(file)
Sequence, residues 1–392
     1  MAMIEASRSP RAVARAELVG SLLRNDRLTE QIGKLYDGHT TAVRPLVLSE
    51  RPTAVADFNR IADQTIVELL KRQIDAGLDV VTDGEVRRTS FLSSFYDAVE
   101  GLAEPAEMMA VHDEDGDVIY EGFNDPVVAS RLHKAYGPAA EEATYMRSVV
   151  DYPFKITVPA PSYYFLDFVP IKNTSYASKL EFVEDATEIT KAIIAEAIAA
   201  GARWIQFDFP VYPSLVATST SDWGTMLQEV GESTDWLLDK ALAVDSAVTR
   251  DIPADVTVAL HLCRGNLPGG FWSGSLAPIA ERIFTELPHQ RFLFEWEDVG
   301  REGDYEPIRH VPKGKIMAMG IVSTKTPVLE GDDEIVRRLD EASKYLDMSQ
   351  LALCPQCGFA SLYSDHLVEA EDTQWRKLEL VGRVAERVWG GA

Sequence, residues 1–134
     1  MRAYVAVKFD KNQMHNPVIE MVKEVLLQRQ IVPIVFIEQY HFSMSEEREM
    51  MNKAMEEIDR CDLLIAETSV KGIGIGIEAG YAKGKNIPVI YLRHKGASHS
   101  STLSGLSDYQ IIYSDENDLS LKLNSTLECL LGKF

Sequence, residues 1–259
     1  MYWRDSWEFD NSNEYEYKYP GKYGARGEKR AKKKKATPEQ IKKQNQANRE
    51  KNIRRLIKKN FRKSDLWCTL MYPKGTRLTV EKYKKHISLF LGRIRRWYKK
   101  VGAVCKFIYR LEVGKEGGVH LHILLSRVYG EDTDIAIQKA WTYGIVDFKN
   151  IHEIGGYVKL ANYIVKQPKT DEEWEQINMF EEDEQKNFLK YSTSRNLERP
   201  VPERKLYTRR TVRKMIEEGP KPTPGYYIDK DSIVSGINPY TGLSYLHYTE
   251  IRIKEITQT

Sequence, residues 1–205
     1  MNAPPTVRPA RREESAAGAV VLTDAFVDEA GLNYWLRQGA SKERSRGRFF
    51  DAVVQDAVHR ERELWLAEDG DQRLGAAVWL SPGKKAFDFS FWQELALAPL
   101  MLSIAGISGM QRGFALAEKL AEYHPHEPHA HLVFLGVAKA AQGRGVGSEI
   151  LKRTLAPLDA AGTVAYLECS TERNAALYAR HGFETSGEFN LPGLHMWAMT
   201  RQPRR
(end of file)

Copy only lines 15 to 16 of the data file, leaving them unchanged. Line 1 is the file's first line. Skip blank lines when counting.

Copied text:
     1  MYWRDSWEFD NSNEYEYKYP GKYGARGEKR AKKKKATPEQ IKKQNQANRE
    51  KNIRRLIKKN FRKSDLWCTL MYPKGTRLTV EKYKKHISLF LGRIRRWYKK